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15 Sep 2023
by Jonathan Parr

Jonathan Parr at Sumitomo Mitsui Banking on why global consistency is key

Managing Director, Head of Performance, Reward and Mobility for EMEA on why the bank eschews taking a local approach to benefits

Jonathan Parr at Sumitomo Mitsui Banking on why global consistency is key.jpg


Sumitomo Mitsui Banking (SMBC) is a Japanese multinational banking and financial services institution employing more than 100,000 people globally. With operations in more than 40 countries around the world, we are focused on delivering a consistent employee value proposition across the region. 

With cross-border teams the norm within the organisation, as soon as employees share their experiences, even minor differences soon become apparent. It’s widely recognised that pay levels differ by location, and our employees accept that local legislation and state provision will dictate what’s appropriate for some benefits. But when designing benefits that align with company values or culture it’s more appropriate to look for direction internally than to benchmark externally.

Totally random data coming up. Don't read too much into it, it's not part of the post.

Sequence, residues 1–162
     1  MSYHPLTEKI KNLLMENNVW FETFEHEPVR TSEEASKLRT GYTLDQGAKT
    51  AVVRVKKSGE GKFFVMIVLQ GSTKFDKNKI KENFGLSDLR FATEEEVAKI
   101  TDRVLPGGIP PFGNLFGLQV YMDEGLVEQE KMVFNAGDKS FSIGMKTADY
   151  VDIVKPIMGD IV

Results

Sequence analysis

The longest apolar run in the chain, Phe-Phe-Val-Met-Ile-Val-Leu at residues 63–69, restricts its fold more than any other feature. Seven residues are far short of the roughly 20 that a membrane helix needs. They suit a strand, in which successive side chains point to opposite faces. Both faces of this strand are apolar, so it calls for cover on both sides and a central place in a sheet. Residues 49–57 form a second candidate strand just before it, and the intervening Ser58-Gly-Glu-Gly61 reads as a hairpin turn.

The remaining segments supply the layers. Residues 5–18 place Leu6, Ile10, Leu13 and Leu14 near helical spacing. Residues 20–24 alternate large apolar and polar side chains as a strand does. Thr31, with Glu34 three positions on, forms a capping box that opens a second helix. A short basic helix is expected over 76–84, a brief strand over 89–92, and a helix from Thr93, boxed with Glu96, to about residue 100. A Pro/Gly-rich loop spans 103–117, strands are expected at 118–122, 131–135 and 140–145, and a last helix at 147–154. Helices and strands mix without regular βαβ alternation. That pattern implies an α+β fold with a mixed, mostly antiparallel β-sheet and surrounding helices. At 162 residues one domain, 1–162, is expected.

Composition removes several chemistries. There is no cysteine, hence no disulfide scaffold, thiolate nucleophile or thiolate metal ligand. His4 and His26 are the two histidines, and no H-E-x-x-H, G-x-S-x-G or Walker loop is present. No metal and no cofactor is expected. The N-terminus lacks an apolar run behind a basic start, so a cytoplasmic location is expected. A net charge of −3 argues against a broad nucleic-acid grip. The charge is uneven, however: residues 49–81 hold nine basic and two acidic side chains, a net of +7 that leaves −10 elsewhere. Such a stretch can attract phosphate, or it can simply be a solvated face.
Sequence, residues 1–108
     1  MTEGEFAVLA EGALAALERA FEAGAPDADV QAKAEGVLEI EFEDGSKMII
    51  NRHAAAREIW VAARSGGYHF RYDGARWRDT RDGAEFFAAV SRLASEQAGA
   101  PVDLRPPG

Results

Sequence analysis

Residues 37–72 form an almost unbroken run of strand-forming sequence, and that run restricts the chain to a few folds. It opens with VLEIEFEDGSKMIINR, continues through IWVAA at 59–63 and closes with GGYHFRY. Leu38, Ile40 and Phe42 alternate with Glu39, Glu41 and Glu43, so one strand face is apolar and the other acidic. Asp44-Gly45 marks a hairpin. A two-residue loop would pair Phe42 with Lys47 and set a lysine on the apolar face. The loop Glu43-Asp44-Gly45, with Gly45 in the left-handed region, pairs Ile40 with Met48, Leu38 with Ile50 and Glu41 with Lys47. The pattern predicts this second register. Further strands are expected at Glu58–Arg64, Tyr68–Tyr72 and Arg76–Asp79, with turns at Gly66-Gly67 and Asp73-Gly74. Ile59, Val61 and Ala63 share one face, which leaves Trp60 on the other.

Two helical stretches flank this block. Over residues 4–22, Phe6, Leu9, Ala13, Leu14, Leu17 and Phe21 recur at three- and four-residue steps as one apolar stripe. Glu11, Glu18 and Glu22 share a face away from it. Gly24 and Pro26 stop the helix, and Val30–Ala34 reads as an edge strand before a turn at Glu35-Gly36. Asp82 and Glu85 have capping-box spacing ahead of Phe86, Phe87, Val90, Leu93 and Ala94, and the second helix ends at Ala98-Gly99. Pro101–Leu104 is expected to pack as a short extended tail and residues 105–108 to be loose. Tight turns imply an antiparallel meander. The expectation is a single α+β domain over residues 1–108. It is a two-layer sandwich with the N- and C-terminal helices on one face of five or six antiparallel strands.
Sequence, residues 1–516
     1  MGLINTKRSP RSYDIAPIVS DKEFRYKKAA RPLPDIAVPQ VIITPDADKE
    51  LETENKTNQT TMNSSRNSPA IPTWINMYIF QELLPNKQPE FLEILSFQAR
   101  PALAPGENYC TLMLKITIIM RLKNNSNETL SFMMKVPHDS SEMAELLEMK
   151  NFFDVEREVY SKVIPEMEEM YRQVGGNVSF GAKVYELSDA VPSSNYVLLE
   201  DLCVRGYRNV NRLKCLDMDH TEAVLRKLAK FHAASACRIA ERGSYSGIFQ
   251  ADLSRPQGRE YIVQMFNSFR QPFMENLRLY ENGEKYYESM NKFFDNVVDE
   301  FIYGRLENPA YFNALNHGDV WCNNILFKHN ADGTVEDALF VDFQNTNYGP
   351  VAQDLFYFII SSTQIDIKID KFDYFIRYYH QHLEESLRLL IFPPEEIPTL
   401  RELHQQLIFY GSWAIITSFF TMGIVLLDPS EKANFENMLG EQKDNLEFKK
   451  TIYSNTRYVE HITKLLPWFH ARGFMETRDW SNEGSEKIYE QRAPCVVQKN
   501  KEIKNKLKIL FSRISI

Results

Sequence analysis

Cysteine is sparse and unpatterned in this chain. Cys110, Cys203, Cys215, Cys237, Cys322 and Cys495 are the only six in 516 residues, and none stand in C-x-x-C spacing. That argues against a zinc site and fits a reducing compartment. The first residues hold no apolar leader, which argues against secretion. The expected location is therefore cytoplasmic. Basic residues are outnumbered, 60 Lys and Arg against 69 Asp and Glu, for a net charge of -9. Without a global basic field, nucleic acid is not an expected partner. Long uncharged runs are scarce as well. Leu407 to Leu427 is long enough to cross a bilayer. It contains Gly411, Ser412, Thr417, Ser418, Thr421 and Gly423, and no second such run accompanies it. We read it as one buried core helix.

Working in the community

For example, we recently expanded our support for employee volunteering across the region. At SMBC, one of our main objectives is to contribute positively to the societies in which we operate, and to support this we give employees up to six working days paid leave per year to encourage them to participate in their community. A comparison of local market practice found that, in some countries, programmes either didn’t exist or, if they did, any paid time off was much less. 

We could have varied our approach by market, but chose to be consistent. The nature of this benefit meant any differences would have been visible. You’ll notice if a colleague is out of the office. But even in the case of benefits that might not be visible, you have to have a compelling answer to the question – that you will be asked – as to why you had applied a difference. Our values do not differ by location, and so it was only logical that neither should this benefit. 

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